Sneaky Hidden Conditional Statements in Logic Games

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This lesson comes from our Mastermind Study Group, which is now underway. Here’s how it works: you self-study (cheap!) but Josh and I guide you every step of the way with live coaching and lessons. Check it out HERE

For our first part of the webinar on “diagramming considerations,” I wanted to take a look at some of the sneakiest, meanest, most insidious rules that you see on the LSAT. In the conditional logic lessons, we’ve gotten pretty used to handling conditional statements. If you spot the word “if” and “then”, I’m pretty confident that you understand that you are dealing with some conditional logic.

Unfortunately, the LSAT doesn’t always give you a bright neon sign with flashing lights saying, “THIS IS IS A CONDITIONAL STATEMENT.” They try to hide it sometimes. While certain logical reasoning questions may be the worst culprit, logic games also hide conditional rules with some regularity. Today, let’s discuss how to spot these hidden rules.

You know how Thomas Jefferson said that “eternal vigilance is the price of liberty”? Well, he may as well have been talking about the LSAT– eternal vigilance is also the price of a good LSAT score. You have to always be aware, be vigilant, and be alert. Let’s start with a bunch of rules similar to what we might get on a logic game. Your task is to decide which are conditional (only apply if certain triggers occur) and which are always in effect.

At an international conference on global warming, 6 keynote speakers are to be selected from among 9 scientists. The 9 scientists include three biologists– H, J, and K, and 3 climatologists– R, S, and T, and 3 hydrologists—U, V and W, and 3 The keynote speakers will speak on the 6 consecutive days of the conference, with exactly one giving their speech each day. The following rules apply without exception:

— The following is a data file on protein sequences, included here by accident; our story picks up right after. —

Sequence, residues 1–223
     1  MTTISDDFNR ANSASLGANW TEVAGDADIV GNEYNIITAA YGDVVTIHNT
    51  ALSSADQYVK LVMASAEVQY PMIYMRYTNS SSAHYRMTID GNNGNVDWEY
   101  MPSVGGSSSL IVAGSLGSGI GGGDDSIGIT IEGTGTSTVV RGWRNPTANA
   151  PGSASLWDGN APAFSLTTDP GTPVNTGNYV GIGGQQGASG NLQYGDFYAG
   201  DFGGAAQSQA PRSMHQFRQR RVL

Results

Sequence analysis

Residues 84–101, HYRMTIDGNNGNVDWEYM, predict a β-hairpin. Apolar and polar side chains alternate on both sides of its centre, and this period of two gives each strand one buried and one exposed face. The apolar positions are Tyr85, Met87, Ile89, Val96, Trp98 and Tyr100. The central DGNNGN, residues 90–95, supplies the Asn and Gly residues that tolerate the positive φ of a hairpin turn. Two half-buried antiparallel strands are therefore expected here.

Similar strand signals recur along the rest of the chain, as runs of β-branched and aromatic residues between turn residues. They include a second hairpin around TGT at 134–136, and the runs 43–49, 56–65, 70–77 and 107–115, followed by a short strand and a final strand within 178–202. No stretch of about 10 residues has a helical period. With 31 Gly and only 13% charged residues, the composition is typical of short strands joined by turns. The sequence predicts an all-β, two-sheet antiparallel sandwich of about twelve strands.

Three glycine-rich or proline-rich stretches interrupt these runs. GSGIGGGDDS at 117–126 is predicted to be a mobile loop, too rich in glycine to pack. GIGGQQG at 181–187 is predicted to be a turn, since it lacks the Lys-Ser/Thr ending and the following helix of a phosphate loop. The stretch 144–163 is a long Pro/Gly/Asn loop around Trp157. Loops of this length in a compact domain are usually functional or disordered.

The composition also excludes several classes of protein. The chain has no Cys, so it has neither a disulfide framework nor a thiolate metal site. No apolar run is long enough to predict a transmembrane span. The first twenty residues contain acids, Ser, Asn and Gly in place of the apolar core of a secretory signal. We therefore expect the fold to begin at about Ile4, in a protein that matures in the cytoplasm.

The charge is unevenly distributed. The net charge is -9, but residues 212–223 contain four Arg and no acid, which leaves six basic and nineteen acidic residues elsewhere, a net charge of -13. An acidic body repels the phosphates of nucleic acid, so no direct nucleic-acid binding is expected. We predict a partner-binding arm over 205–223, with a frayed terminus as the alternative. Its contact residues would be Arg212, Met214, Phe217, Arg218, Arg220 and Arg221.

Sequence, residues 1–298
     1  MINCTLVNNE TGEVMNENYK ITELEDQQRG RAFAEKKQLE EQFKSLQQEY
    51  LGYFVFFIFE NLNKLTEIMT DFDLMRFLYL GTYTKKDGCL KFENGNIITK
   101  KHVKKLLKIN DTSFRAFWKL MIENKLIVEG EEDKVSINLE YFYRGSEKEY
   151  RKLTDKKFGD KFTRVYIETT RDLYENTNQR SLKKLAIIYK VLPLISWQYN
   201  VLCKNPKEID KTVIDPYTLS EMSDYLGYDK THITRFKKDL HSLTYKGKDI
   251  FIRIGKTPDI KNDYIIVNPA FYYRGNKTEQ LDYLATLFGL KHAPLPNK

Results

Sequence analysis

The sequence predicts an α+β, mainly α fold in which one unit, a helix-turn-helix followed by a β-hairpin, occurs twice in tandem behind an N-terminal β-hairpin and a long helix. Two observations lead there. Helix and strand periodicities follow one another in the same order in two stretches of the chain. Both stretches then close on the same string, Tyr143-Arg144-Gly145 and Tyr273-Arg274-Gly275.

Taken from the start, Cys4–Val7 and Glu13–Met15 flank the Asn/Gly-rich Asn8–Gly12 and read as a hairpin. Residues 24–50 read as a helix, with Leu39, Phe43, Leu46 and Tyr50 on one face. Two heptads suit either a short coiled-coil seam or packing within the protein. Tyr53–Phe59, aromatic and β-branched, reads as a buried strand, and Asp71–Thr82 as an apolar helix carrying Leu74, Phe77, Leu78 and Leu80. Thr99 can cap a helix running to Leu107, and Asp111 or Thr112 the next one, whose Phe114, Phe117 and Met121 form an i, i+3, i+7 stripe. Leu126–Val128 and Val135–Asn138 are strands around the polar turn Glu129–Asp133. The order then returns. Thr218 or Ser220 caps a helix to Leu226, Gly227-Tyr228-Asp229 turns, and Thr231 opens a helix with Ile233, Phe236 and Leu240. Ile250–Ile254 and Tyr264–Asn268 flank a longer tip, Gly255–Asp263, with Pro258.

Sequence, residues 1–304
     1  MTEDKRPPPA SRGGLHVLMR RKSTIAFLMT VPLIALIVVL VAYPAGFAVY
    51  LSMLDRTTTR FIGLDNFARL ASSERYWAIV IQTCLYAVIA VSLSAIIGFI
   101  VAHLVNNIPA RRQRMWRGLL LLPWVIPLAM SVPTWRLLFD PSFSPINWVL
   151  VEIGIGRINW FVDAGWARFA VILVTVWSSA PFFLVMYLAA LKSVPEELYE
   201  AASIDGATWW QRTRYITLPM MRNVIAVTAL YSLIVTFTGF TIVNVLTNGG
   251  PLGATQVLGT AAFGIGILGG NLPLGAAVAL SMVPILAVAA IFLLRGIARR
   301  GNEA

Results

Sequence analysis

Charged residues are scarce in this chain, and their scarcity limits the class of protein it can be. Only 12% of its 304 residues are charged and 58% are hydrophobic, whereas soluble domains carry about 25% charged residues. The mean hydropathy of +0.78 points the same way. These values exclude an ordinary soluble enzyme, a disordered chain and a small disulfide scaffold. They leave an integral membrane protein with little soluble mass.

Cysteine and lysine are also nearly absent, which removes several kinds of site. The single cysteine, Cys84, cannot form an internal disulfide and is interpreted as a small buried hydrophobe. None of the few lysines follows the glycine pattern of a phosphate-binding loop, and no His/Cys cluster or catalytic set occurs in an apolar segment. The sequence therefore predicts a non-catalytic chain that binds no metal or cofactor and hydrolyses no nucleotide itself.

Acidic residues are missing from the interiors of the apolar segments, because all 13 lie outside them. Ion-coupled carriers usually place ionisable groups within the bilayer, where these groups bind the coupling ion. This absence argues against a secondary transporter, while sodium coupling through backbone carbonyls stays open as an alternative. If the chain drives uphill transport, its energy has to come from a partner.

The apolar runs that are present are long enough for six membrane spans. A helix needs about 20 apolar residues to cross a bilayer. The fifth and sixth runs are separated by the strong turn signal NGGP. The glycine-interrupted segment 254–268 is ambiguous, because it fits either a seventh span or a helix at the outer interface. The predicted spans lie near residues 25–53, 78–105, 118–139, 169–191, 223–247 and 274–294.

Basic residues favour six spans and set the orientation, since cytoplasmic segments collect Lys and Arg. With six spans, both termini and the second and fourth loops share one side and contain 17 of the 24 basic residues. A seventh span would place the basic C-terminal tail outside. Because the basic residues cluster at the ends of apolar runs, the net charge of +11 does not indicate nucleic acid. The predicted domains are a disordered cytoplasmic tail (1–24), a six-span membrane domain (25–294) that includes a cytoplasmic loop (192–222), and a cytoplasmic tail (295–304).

At least two climatogists must speak.

V will give a speech.

The second climatologist to speak must be followed a hydrologist

Any biologist’s speech must precede a climatologist’s speech.

Here’s a sample order that works, just to help us think about it:

Rc, Sc, Vh, Hb, Tc, Wh

So what’s what here? This is a game with both grouping and ordering elements, often refered to as a combination game. The first rule, “At least two climatologists must speak” is clearly not a conditional rule. It’s a permanent feature of the game. We know all of our climatologists are in. Remember, conditional rules are rules that only apply some of the time. This rule always applies.

The same thing is true of the rule “V will give a speech.” That always applies.

The third rule might be a little harder to sort out…

Does this rule always apply? Yes. It’s a constant feature of the game that we will see in every order. Why? Because of the first rule: At least two climatologists MUST speak, so in each acceptable order, there will be a second climatologist, who is then followed by a hydrologist. You are always going to see a “c h” block.

You could diagram that like this:

c —– c h  or   c —— c h —– c

In the game, you have a choice of schedule 2 or 3 climatogists, and so you’ll see one of these two orders. Simple right? These diagrammed orders provide and easy visual reference against which you can check any ordering you make when working with the questions.

Now let’s complicate things a bit: if you are being really technical about it, there is a bit of a conditional element to this rule. If you have just two “c”s then you are going to see the order “c —– c h” …whereas if you have three “c”s speaking, you’ll see them in the order c —— c h ——c.

…So you could diagram it like this:

2c —–> c —– c h

3c ——> c —– c h —– c

However, “or” rules are generally mentally easier to work with on games, so when you can write something as an “or” rule, giving yourself just 2 choices to visualize, it’s generally better to do so. The conditional way of writing it might imply to you, incorrectly, that it’s okay to just have one climatologist speak. There are only two possibilities for the game, so just freeze them both in one rule: